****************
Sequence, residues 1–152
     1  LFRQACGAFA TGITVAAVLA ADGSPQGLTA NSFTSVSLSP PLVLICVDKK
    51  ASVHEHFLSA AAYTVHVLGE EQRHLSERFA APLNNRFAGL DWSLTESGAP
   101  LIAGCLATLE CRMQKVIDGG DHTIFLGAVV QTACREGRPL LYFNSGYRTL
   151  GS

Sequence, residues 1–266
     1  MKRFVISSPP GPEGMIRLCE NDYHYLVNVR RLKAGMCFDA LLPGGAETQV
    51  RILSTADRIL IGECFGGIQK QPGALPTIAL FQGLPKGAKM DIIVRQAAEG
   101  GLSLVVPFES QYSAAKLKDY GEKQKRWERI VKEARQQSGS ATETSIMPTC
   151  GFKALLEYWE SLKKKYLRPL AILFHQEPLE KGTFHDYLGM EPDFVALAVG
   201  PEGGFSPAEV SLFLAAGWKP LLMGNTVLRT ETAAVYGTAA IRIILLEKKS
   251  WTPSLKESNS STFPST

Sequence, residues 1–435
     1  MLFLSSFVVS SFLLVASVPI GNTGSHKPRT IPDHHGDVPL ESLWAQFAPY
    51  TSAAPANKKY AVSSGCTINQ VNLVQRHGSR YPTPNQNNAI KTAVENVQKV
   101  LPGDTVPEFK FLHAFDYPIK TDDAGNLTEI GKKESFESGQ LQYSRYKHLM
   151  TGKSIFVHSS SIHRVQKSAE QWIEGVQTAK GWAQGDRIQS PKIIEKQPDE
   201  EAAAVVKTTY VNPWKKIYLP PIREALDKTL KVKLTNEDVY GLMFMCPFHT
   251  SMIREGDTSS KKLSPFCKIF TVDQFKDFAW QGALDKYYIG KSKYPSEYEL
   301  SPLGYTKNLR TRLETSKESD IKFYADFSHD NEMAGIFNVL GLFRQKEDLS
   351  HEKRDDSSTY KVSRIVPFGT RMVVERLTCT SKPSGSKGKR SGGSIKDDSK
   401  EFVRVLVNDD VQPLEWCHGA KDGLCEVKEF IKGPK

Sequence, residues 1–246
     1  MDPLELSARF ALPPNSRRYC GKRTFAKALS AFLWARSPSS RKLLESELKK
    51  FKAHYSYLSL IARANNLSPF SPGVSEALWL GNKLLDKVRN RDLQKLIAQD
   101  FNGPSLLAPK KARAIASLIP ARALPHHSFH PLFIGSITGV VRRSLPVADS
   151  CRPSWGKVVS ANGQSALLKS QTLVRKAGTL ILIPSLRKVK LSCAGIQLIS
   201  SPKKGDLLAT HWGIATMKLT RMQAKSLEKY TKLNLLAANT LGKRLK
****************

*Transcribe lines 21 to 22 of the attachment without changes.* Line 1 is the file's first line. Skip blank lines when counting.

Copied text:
   351  HEKRDDSSTY KVSRIVPFGT RMVVERLTCT SKPSGSKGKR SGGSIKDDSK
   401  EFVRVLVNDD VQPLEWCHGA KDGLCEVKEF IKGPK